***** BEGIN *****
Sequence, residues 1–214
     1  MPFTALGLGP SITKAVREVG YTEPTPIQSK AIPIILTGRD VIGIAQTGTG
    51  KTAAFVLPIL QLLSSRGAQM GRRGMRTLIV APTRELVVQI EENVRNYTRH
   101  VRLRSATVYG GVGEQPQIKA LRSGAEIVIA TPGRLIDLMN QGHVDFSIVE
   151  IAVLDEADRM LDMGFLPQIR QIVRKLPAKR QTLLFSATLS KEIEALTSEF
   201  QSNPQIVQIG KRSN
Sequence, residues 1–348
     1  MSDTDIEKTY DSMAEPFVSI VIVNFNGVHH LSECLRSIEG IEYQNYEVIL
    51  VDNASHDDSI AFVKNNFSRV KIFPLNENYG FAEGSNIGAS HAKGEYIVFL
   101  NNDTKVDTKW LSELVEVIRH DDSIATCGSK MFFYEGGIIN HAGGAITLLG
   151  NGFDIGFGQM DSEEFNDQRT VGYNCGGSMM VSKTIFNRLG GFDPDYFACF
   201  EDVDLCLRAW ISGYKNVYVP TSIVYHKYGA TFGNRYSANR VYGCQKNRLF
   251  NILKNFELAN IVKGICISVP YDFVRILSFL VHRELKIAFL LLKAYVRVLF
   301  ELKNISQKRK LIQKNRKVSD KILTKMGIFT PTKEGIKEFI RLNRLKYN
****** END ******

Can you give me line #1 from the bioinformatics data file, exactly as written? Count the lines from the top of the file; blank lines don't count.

Sequence, residues 1–214